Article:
Statically Scoped Object Adaptation with Expanders

Proceedings of the Conference on Object-Oriented Programming, Systems, Languages, and Applications (OOPSLA 2006), Portland, Oregon, October 22-26, 2006.
Alessandro Warth, Milan Stanojevic, Todd Millstein
This paper introduces the expander, a new object-oriented (OO) programming language construct designed to support object adaptation. Expanders allow existing classes to be noninvasively updated with new methods, fields, and superinterfaces. Each client can customize its view of a class by explicitly importing any number of expanders. This view then applies to all instances of that class, including objects passed to the client from other components. A form of expander overriding allows expanders to interact naturally with OO-style inheritance.

We describe the design, implementation, and evaluation of eJava, an extension to Java supporting expanders. We illustrate eJava's syntax and semantics through several examples. The statically scoped nature of expander usage allows for a modular static type system that prevents several important classes of errors. We describe this modular static type system informally, formalize eJava and its type system in an extension to Featherweight Java, and prove a type soundness theorem for the formalization. We also describe a modular compilation strategy for eJava, which we have implemented using the Polyglot extensible compiler framework. Finally, we illustrate the practical benefits of eJava by using this compiler in two experiments.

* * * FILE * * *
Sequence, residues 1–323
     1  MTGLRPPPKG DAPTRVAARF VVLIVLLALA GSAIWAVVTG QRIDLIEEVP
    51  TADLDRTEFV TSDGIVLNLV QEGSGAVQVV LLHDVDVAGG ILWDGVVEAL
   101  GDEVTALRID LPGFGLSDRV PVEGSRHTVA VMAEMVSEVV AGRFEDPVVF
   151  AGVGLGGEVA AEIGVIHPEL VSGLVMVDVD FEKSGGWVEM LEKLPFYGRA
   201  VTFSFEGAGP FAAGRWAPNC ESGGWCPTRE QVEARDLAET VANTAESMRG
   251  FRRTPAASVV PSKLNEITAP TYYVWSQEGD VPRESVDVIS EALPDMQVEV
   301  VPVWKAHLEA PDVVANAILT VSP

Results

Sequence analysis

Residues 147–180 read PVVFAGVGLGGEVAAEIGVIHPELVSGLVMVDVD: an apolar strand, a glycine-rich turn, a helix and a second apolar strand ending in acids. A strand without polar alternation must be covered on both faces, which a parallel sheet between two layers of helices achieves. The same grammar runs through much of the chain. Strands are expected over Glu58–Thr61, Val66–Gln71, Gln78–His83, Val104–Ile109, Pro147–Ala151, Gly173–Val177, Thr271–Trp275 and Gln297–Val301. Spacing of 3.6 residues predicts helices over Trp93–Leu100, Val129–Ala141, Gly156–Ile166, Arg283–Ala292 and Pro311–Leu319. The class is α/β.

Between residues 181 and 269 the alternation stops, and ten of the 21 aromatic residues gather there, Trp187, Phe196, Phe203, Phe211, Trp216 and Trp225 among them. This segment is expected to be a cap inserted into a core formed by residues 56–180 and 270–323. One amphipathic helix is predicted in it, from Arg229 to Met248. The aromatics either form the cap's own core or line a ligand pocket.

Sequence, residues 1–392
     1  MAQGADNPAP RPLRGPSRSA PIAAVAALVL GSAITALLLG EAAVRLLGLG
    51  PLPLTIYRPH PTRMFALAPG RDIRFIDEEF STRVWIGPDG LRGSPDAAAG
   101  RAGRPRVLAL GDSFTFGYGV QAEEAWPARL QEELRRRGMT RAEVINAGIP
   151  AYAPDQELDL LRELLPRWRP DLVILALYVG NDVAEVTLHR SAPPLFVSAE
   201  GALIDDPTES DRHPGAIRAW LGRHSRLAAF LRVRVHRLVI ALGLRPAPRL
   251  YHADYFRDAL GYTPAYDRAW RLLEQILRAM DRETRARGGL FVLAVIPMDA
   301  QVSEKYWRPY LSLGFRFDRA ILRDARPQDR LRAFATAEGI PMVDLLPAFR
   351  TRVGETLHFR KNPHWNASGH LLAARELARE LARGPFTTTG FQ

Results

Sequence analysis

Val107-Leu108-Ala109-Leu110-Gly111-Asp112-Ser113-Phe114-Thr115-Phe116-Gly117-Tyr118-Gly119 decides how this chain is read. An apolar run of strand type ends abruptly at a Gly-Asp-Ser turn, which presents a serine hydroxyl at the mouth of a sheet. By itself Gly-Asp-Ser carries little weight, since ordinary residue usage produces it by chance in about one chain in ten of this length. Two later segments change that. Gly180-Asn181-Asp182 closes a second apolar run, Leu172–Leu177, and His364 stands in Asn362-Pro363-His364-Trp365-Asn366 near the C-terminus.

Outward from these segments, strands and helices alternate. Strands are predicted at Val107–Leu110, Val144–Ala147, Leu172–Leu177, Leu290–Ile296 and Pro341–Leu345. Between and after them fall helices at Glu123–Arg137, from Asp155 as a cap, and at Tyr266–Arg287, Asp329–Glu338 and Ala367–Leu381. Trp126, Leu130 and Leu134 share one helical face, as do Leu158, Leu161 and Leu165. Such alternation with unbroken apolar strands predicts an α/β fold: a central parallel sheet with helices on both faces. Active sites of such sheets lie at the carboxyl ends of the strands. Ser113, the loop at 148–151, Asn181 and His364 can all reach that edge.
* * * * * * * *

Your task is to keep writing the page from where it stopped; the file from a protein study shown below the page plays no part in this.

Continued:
[PDF | Implementation | Project Page]